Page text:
Debt collectors probably have the worst job ever. Have you ever asked a six-year-old what they want to be when they grow up? Have you ever heard the answer “debt collector”? Rule of thumb: unless a six-year-old aspires to be whatever you currently are, your job sucks.
But this isn’t about six-year-olds. This is about debt collectors. People love to hate them. Actually, people genuinely hate them. Debt collectors are the nice people who call you when you haven’t paid your bills, usually for a long period of time. Some of them are super nice and just trying to do their jobs. Others are bitter or get a weird thrill out of bringing you misery — these are the ones that harass you and call you in the middle of the night.
The latter may try to trick you into giving them information or bully you into making payments that will prevent you from paying your essential bills — rent, utilities, food, etc. But don’t be fooled! Let’s talk about the things that debt collectors don’t want you to know.
1. You actually do have rights. The Fair Debt Collection Practices Act (FDCPA) and the Fair Credit Billing Act (FCBA) are regulations for debt collectors — what they can and cannot do. Some debt collectors ignore these, but if you familiarize yourself with your rights, you can gently remind them. If they don’t listen, you can always report them for unlawful behavior. Suck on that, jerky debt collectors!
Related: 6 Steps to Get Out of Debt
Most of the “secrets” I am outlining come from these two acts which make up the Consumer Credit Protection Act (CCPA). This stuff is legit, don’t be bullied just because you are overdue and scared.
2. You are not required to answer questions about your personal information. Do not give debt collectors your personal information — including your SSN, bank account numbers, or place of employment. If they say it is necessary, they are lying to you. It is 100% not required.
3. In fact, you are not required to answer ANY questions. Want to hear something awesome? You really don’t have to talk to debt collectors if you don’t want to. There is NO LAW requiring you to talk to them about anything at all. On top of that, if you send them a cease and desist letter, it is illegal for them to harass you with further calls and letters. Doing so will violate the aforementioned FDCPA.
4. You do not have to make a large down payment on the amount owed. Should you decide to talk to debt collectors, understand that you are not required to put a large sum down to start settling your debt. Most people don’t know that a lot of debt collection agencies actually work on commission. Just like salespeople might try to push you into purchases, debt collectors may try to convince you that a large down payment is necessary. It’s not — don’t fall for that!
Related: 6 Reasons Why Debt Consolidation is a Bad Idea
5. Debt collectors cannot enforce due dates on you. While some collectors might try to convince you that nonpayment by a certain date will result in severe punishment, this is not true. First of all, what is severe punishment? They aren’t going to kill your family, they might just yell at you more.
Second of all, your payments are already late. They can’t tell you when to pay your past due bills. They will try to speed up this process because the longer you take to pay back the amount owed, the less likely it will be paid back in full. There are no deadlines. Relax.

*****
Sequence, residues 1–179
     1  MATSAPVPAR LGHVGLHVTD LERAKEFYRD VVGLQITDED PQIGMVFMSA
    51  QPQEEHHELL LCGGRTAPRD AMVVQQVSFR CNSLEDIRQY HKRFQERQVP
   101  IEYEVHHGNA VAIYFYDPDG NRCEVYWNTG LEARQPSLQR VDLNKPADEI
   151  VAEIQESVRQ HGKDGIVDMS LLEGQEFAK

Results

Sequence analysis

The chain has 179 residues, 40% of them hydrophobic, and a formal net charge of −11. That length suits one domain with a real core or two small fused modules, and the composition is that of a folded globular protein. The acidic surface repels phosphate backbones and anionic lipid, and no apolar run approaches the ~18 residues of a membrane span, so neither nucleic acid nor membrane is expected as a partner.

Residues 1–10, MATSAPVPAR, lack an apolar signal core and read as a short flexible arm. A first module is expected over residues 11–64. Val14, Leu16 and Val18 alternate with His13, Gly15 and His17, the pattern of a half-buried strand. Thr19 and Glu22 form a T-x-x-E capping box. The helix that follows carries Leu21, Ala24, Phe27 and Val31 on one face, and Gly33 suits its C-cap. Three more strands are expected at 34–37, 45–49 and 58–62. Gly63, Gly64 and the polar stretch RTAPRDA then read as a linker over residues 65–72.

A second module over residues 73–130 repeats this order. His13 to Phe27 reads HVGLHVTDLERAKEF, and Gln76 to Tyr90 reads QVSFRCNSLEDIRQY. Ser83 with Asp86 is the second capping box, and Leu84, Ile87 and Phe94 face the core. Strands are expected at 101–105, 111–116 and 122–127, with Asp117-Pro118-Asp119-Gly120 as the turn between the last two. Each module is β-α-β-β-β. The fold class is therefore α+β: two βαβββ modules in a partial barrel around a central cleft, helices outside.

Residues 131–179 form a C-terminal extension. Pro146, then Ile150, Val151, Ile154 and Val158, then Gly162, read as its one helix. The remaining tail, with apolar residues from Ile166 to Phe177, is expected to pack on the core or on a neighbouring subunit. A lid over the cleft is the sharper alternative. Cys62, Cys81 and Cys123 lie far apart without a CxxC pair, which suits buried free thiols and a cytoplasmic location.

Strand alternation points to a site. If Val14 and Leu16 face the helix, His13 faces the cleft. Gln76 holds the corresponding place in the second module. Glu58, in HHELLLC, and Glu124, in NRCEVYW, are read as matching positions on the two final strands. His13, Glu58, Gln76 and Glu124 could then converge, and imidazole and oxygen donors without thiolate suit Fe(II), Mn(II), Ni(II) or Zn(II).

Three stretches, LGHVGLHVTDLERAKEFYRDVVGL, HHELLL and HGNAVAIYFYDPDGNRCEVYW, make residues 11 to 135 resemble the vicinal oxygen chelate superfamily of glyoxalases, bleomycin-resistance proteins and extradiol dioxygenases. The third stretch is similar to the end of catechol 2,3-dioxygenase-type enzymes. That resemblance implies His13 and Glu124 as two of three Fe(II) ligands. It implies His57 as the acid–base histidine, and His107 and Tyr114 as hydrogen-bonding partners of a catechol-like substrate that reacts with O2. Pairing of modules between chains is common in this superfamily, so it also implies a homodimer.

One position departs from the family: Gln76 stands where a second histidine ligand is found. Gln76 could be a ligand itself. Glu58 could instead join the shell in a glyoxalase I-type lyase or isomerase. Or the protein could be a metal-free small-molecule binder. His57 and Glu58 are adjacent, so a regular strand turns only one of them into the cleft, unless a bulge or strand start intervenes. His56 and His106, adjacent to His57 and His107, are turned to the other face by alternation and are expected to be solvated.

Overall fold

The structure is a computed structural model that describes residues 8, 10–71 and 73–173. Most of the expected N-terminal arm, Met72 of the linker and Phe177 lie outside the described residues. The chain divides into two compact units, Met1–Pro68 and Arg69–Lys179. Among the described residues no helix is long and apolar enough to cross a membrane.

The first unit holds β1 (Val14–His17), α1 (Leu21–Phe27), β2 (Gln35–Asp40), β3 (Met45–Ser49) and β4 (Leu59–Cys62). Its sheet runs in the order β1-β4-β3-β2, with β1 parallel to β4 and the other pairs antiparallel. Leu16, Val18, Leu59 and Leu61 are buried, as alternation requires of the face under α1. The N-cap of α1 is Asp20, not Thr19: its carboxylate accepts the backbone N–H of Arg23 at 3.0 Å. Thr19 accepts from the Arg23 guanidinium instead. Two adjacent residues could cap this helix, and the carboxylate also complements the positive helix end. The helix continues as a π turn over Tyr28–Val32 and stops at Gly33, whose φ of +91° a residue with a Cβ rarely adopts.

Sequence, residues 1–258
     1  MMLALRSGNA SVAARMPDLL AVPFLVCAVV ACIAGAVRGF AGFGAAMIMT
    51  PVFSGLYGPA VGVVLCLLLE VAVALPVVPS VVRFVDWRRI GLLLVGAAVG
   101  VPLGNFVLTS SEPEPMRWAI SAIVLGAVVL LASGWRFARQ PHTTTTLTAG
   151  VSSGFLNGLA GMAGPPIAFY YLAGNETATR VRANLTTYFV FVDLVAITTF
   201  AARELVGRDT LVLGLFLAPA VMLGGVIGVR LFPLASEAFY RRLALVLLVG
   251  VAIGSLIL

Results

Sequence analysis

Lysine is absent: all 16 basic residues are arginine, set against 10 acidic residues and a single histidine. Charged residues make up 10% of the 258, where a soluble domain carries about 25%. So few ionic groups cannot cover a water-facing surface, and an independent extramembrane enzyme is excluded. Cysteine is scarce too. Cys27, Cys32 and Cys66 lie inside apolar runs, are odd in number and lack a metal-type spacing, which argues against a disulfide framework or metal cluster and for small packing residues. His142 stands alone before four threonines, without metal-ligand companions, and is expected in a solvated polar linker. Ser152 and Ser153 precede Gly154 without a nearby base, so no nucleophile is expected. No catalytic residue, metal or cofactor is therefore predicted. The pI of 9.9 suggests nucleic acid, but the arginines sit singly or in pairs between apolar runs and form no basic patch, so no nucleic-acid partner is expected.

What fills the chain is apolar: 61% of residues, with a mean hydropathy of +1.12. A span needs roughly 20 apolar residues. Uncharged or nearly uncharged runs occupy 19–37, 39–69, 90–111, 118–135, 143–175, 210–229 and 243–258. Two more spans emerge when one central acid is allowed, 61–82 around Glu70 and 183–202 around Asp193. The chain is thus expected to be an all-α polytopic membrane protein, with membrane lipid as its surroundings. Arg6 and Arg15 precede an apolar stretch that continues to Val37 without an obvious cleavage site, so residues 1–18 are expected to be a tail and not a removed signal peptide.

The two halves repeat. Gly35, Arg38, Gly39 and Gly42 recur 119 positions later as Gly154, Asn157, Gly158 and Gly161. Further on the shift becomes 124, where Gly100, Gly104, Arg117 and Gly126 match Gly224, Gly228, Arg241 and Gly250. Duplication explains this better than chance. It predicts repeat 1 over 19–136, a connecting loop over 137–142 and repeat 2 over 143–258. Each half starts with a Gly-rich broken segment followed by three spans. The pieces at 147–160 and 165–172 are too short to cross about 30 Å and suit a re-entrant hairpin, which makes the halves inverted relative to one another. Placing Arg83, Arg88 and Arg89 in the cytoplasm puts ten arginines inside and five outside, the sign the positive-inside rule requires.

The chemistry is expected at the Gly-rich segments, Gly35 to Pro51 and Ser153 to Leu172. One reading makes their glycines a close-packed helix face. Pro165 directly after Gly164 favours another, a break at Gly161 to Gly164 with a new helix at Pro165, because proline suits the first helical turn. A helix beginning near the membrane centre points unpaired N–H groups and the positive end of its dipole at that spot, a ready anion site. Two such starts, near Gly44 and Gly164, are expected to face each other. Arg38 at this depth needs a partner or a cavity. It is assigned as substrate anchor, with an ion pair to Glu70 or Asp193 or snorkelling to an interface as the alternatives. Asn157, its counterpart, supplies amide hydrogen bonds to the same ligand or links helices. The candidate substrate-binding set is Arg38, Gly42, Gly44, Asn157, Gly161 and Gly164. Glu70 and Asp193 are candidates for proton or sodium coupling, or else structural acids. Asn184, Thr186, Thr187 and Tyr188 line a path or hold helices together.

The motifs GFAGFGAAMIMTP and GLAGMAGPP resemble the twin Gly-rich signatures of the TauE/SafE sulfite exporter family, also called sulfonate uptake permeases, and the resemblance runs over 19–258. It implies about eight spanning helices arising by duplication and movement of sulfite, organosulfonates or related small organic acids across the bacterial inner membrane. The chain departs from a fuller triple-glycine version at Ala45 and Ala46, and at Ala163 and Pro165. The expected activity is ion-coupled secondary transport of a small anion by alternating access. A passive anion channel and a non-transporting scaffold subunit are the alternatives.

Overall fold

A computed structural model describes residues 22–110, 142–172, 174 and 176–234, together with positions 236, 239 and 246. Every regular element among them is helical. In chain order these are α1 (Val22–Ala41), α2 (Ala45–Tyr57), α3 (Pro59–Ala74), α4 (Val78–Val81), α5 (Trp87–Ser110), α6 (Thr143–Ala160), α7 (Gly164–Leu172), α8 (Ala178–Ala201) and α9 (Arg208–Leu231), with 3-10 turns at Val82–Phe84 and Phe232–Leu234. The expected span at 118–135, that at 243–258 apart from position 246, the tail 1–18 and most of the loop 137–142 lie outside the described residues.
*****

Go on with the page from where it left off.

Also, threats by collection agencies are illegal under the FDCPA. If you are threatened, report it.
6. They can’t screw up your credit any more than it already is. Guess what, guys? Your credit is screwed up. That’s what happens when you don’t pay your bills and they go to a collection agency. Boohoo, hopefully this wakeup call will help you repair it quickly.
Debt collectors may try to convince you that they will screw it up more. Like doubly screw up your credit. This is false, it is just a simple scare tactic.
Related: 5 Debt Traps and How to Avoid Them
7. You have options when it comes to student loan debt. As I’m sure many of you know, student loans cannot be discharged in bankruptcy (at least, ALMOST never). Your brain and degree cannot be repo’ed, so you have to pay up. Thankfully, you have some options here.
By law, you are able to set up a payment schedule with the collection agency requiring only “reasonable and affordable payments” in line with your current financial situation. Also, if you make nine out of ten of these payments on time, the debt will be taken out of the collection agency and sent back to the Department of Education (DoE). Why is this good? Well, the DoE will not harass you and it is not looking for commission. Your loan(s) will be held under more favorable conditions with the DoE than it was with the collection agency.
8. They can’t take all of your money. Debt collectors may try to scare you with threats of wage garnishment and it is true that SOME of your wages can be garnished. However, social security and pensions cannot be garnished, nor can 75% of your salary. While 25% of your salary can be garnished, you can file a claim of exemption if the garnishment would cause your family hardship (like not being able to eat or keep your lights on).
Related: 8 Bad Habits That Are Keeping You In Debt
Debt collectors can be scary and some of them can be bullies. Know your rights so you are not taken advantage of. And thank your lucky stars that you aren’t a collector. What a crappy job, amiright?
Have you ever had to deal with a collector? Did you get lucky enough to deal with a nice one (aka the unicorn of all debt collectors)?